Social Media: There is some research indicating skilled social media users are six times more likely to exceed their quotas, seen visually here:
… in short here, social media is a great tool — but many companies forget the first word of the concept and instead of being social, they just push out their offers and PR documents. That doesn’t get you new customers, which is where social can really shine. Dedicate resources here, but make sure you spend some time when hiring to get the right person. By “right person” in this context, we mean someone who understands your business and understands how social can be a part of that business.
Ads: There are many different types of ads these days, and the belief is still that traditional/television ads will have the highest ROI. Different studies have seen different results there, but most small businesses can’t afford television ads anyway. Social media ads have resonance — Facebook ads can be especially cost-effective for SMBs and deliver strong ROI — and Google Ads (the program is called AdWords) can be effective in some industries. Certain industries have very high cost-per-click (CPC) rates. If you’re paying $25 every time someone clicks on an ad of yours and only 10 percent are potential customers, that means you cycle through $250 before getting one lead in the pipeline. That doesn’t seem like a lot of money, but it adds up. Facebook and Google are the two major digital ad platforms right now, and $250 on Facebook will go a lot further for an SMB (in most industries). You can spend money here, although it might be best to speak with an expert before you do so — and evaluate your specific corporate value-add. B2B, for example, doesn’t perform as well on Facebook but does quite well on Google.
Podcasts: All the rage in the last 3-5 years, spurned on by Serial and others. These are great for getting your message out there and/or helping with brand voice and ideology, but their bottom-line ROI isn’t going to be huge. To do a podcast right is also a lot of work (scheduling, production, posting, show notes, graphics, etc.) A shoddy podcast won’t get any interest, and a great one will — but a great one will have a few people working on it as a chunk of their week. That’s sometimes a hard time commitment for SMBs.
Videos: Companies shy away from videos often because they lack the technical expertise to produce them in a quality way. That is understandable. In reality, every business — SMB to enterprise — should have a short, easy-to-embed video explaining their business model. Even if that’s all you do with video, that’s a good start. Humans process video/images 60,000x faster than words/text — so it’s a good way to explain what exactly your business does and how it can benefit the customer. If you spend a bunch of money to get it professionally done but it lives on your homepage and social channels for years and draws people into your business value, it’s worth it.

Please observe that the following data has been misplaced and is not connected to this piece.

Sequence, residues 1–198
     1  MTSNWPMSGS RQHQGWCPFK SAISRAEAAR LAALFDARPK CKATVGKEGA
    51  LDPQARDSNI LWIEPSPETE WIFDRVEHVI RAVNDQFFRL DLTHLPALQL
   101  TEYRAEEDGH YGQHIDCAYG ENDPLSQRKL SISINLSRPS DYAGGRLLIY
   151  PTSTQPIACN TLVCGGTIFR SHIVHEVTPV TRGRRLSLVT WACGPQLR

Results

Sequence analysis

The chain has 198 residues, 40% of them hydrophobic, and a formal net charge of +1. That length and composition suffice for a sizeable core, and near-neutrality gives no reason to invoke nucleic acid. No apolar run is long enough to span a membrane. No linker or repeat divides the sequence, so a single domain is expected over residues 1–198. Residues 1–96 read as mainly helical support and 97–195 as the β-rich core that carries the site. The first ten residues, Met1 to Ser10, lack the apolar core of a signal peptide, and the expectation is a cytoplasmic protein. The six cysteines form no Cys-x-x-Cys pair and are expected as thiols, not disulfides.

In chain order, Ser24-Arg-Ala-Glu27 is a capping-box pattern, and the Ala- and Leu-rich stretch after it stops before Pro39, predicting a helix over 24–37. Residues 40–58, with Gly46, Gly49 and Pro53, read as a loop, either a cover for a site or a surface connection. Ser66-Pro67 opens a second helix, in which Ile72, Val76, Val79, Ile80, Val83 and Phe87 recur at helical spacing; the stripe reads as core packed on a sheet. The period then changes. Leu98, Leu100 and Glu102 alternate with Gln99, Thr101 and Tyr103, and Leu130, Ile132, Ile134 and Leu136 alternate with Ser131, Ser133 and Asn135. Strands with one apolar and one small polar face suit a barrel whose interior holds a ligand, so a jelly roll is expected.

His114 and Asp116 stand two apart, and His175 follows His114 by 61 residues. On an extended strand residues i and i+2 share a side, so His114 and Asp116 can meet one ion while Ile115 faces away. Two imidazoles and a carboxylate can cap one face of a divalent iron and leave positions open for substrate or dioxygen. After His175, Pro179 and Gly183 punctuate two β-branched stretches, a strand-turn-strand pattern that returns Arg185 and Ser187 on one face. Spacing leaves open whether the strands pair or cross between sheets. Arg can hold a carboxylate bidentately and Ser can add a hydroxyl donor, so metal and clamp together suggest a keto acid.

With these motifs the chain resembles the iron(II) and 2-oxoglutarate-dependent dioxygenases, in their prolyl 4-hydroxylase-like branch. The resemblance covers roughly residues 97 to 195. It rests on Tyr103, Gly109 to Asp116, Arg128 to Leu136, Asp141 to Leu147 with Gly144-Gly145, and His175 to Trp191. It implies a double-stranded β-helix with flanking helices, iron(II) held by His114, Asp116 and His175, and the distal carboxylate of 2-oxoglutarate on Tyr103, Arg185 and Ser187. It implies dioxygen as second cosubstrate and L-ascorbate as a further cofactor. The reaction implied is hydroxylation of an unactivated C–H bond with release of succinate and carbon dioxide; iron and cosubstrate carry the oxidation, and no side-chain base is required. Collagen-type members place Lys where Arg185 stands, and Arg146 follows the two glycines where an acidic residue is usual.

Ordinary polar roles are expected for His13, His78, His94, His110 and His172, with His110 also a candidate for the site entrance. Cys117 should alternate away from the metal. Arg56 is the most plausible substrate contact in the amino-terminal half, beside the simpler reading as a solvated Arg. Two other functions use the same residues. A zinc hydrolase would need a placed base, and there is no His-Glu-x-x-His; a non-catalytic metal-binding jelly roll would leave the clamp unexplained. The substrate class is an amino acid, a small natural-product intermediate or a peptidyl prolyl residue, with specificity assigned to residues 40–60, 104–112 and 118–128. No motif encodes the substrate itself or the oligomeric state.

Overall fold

Events and Trade Shows: It’s hard to replace face-to-face interaction as a key to selling products or getting new clients, so events and trade shows have a strong ROI, typically. They also cost a lot: you need to get people there, get your equipment there, house people in hotels, etc. Look carefully at sales numbers that have come out of an event beforehand. If you don’t have that data, try modeling it. If you spend $10,000 to get your team out to an event for three days and make a $1 million deal, that’s excellent ROI — but that doesn’t happen at every trade show or event.
Overall: If you take nothing else from this, here are a few bullet point keys to setting your marketing budget.
- Figure out the composition of your team and their salaries based on financials overall.
- Determine who your target customers/end users are. Write that down.
- Look at the various marketing options available to you.
- Try to figure out where your specific customers are most likely to be found.
- Navigate the biggest chunk of marketing budget in that direction.
- Consistently monitor and evaluate how different spends and campaigns are going.
- Adjust as needed.
Setting a marketing budget is no easy feat, especially because the definition of ‘marketing’ and various applications of the funnel have changed dozens of times in just the past 10-15 years. If you follow some of the advice above with an eye towards the final bullet points, you should have a landing place for your initial conversations, though. And seeing as it’s already almost July 4th, those FY17 discussions may be commencing soon.